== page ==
An issue you didn't touch on is gravity- and more specifically, microgravity and how to handle freefall. I decided to do it by taking the old Freefall skill from Dragonstar and fold it into PF's Fly skill. EDIT: Also, I almost forgot, there needs to be a Freefall condition to take into account the penalties associated with going out of control in a microgravity situation. The fun part about doing it this way is, you can make spells which inflict the condition upon people- even old favorites like Reverse Gravity might be retrofitted to include it. Other rules regarding gravity can mostly be ported over unchanged, as far as I've been able to tell.

    Vehicle rules introduced in Ultimate Combat may need serious updates to deal with starships, particularly technological drives. I haven't gotten to this myself, yet, so don't have any solutions of my own to list here.
    I forgot about gravity--that's another good one. I can't recollect Dragonstar's rules for variant gravity but if I had to improvise some quick pre-game rules from scratch they would look like this.



    Spoiler:
    Note: These rules are not meant to serve as a scientific treatise but are only meant to simulate the effects of gravity well enough to allow suspension of disbelief for the layman player. If you want to try to calculate how much momentum shooting an arrow will give a creature in a zero-g environment, don't let me try to discourage you, but bear in mind all the factors that would have to go into a realistic version of such a calculation--you would have to calculate average values for the mass the arrow, the power efficiency of the bow, wind resistance effects, and the average mass of a player character (and if you wanted to have monsters and NPCs perform the same stunt, they come in an even greater range of masses, because a Huge creature would gain less from a bowshot than a Small one.



    GRAVITY LEVELS--DEFINITIONS

    Gravity environments range in strength from 0 to 10. A gravity level of 0 denotes the absence of gravity. Gravity in the range of 1 to 3 is considered "microgravity". Gravity of strength 4 to 6 is considered "normal" and imposes few penalties on creatures acclimated to life on a conventional planetary surface. Gravity of a strength from 7 to 9 is found on super-Earths, in the deep atmospheres of gas giants, and in high acceleration environments (such as experienced by fighter pilots) and represent the limits of survivability for mortal creatures. Gravity strength 10 represents any extreme light-bending gravity field generated by such objects as neutron stars, black holes, Spheres of Annihilation, and Implosion spells.

    Gravity Strength Table
    Spoiler:
    0 Zero (0 g) a.k.a. freefall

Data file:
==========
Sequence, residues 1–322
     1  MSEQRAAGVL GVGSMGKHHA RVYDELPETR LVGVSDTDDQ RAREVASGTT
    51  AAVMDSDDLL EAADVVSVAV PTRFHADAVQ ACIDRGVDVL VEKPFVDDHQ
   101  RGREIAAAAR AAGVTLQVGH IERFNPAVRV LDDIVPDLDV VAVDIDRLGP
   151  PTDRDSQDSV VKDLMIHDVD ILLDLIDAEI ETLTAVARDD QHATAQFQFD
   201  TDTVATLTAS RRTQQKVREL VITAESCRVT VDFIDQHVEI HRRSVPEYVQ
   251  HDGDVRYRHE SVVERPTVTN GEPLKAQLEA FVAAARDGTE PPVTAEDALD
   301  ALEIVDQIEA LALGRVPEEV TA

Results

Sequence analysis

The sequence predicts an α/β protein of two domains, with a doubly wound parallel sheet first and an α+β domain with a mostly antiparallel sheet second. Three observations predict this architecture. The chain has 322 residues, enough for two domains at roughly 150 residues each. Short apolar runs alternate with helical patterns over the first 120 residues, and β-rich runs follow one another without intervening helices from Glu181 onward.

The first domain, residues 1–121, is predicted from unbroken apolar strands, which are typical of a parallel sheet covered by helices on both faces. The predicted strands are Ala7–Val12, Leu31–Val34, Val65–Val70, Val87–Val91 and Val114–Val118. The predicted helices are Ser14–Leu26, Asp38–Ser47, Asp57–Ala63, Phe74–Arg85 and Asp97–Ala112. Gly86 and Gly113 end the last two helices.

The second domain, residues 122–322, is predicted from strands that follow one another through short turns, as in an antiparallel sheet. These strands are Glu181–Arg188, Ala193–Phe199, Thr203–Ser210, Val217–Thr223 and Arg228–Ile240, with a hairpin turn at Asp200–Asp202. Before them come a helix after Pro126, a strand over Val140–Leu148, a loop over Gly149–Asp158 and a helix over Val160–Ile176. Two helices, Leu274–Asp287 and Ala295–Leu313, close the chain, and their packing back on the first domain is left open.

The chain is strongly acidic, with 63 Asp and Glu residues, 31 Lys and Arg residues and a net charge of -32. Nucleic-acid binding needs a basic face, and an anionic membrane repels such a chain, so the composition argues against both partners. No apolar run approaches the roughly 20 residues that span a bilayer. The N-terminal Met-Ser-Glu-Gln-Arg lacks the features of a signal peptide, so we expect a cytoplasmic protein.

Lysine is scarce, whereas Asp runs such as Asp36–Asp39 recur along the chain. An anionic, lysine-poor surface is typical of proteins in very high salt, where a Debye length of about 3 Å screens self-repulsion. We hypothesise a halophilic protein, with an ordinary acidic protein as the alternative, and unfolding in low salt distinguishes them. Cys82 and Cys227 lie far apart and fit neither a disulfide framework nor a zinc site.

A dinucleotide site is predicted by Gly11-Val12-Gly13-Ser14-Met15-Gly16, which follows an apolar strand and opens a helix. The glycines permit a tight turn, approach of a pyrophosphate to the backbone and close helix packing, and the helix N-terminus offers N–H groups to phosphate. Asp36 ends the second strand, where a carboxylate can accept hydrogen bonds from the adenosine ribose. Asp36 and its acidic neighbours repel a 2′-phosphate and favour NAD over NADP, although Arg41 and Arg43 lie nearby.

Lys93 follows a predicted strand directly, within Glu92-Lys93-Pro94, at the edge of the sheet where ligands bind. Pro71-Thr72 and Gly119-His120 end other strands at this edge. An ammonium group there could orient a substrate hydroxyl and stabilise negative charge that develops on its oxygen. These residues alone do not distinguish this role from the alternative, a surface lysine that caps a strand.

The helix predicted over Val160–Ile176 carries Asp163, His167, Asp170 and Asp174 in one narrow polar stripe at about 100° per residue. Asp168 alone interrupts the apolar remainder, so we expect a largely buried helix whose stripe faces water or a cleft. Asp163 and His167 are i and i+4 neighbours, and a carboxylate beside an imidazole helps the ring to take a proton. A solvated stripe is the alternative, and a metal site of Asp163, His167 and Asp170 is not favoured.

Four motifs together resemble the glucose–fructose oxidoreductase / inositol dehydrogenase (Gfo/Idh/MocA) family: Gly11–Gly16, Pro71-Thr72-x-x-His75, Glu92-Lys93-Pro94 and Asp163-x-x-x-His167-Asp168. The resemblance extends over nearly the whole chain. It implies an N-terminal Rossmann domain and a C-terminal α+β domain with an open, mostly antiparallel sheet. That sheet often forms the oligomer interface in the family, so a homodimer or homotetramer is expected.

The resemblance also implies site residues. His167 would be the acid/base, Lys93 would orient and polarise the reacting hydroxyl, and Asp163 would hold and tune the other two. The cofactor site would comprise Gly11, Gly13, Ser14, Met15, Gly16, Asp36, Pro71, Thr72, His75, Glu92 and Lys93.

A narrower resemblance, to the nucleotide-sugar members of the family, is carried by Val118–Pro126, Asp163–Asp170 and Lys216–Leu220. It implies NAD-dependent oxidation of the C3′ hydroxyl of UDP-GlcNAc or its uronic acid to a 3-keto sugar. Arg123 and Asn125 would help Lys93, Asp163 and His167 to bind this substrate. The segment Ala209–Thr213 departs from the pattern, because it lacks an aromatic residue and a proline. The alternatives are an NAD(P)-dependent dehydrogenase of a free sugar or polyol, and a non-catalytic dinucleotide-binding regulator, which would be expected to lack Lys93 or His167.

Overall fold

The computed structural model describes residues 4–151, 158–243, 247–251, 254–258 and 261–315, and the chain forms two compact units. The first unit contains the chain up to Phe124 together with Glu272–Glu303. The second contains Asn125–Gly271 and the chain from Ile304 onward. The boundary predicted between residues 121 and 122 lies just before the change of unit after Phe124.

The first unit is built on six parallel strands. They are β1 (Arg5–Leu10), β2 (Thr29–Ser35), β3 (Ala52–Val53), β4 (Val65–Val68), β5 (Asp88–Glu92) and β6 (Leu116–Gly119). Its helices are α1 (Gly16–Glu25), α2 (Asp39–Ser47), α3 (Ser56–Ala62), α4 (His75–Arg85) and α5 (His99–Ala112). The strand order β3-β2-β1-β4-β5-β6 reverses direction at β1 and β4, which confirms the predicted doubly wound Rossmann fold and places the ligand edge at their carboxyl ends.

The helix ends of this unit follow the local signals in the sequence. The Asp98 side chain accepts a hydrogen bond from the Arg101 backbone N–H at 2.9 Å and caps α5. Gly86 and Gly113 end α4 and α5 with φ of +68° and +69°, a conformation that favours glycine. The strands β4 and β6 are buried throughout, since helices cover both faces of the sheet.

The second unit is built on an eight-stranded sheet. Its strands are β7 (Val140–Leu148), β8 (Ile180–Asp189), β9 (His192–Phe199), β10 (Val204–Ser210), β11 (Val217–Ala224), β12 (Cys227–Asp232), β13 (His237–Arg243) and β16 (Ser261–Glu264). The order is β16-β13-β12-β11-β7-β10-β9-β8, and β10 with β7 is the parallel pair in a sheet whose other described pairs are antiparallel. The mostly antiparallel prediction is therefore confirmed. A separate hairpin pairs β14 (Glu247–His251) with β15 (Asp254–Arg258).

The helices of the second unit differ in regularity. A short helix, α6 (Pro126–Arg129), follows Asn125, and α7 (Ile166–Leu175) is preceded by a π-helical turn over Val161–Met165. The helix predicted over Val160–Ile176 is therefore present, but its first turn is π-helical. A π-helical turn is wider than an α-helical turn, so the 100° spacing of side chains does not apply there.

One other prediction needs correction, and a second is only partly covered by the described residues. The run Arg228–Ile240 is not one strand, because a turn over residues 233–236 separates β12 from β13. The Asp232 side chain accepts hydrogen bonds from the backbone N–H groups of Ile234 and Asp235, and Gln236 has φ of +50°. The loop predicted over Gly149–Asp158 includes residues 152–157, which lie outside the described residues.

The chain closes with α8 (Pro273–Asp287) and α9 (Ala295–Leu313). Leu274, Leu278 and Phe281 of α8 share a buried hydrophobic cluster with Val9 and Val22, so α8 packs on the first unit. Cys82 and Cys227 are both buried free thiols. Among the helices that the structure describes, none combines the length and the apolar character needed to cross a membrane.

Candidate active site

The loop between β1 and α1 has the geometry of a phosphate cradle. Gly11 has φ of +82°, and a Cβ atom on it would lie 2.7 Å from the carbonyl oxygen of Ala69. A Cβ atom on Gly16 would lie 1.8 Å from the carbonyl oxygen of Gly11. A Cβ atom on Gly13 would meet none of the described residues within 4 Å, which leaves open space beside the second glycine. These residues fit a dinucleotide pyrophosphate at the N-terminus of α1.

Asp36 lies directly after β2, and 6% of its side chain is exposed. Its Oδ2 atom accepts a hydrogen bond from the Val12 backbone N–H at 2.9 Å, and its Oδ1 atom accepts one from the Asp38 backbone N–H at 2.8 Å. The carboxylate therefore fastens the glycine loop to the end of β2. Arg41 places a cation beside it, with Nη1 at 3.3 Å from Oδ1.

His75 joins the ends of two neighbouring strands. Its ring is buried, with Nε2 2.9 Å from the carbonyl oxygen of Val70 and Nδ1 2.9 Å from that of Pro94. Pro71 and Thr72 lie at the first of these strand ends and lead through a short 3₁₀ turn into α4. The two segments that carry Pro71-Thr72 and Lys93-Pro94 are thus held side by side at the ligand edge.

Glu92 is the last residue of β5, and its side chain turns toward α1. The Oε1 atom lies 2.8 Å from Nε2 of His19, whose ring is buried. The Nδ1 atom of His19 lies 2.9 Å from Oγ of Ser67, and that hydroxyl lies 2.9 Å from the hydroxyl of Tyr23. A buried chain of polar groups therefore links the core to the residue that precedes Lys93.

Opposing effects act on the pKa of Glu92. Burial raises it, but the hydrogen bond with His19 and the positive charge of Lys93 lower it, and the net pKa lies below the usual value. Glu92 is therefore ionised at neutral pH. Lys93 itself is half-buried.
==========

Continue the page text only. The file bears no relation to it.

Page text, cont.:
1 Nil (1/10 g or less)
    2 Faint (1/4 g)
    3 Light (1/2 g)
    4 Light Normal (4/5 g)
    5 Normal (1 g)
    6 Heavy Normal (1 1/5 g)
    7 Heavy (1 1/2 g)
    8 Severe (3 g)
    9 Crushing (9 g or more)
    10 Relativistic gravity


    Antigravity, where it exists, would be represented by a negative number of the same magnitude as a normal gravity field of equal strength.



    MOVEMENT

    Normal overland movement in a gravity environment of 3 or less requires making a Climb, Swim, Acrobatics, or Fly check* for those not acclimated to the variant gravity or untrained in moving around in it. If a creature is physically incapable of performing any of these (for example, being in free fall in vacuum with no solid surfaces in reach), they gain the free-floating condition (lose dodge bonuses and Dexterity to AC and Reflex saves, move actions are limited to worn/carried equipment)?

    *Free-floating movement in a freefall environment
    Spoiler:
    In freefall, Fly checks can be made through the use of worn/carried equipment. For example, throwing a rock, shooting an arrow, or discharging a firearm in a certain direction will cause you to move very slightly in the opposite direction. Objects and rates of movement are as follows.

    Throwing a minor object (anything with a weight of "—"): 5 ft per object thrown, per hour

    Throwing an object of less than 10 lb.: 5 ft per minute

    Throwing an object of 10 lb or more: 25 ft per minute (5 ft in 2 rounds)

    Shooting a bow, crossbow, or similar hand-drawn weapon: 50 ft per shot, per minute (5 ft per round)

    Discharging a personal firearm or firing a ballista: 500 ft per shot, per minute (50 ft per round)

    Note that one can throw/shoot/fire multiple objects to increase one's speed in a given direction, or reduce it (by aiming in the direction of movement).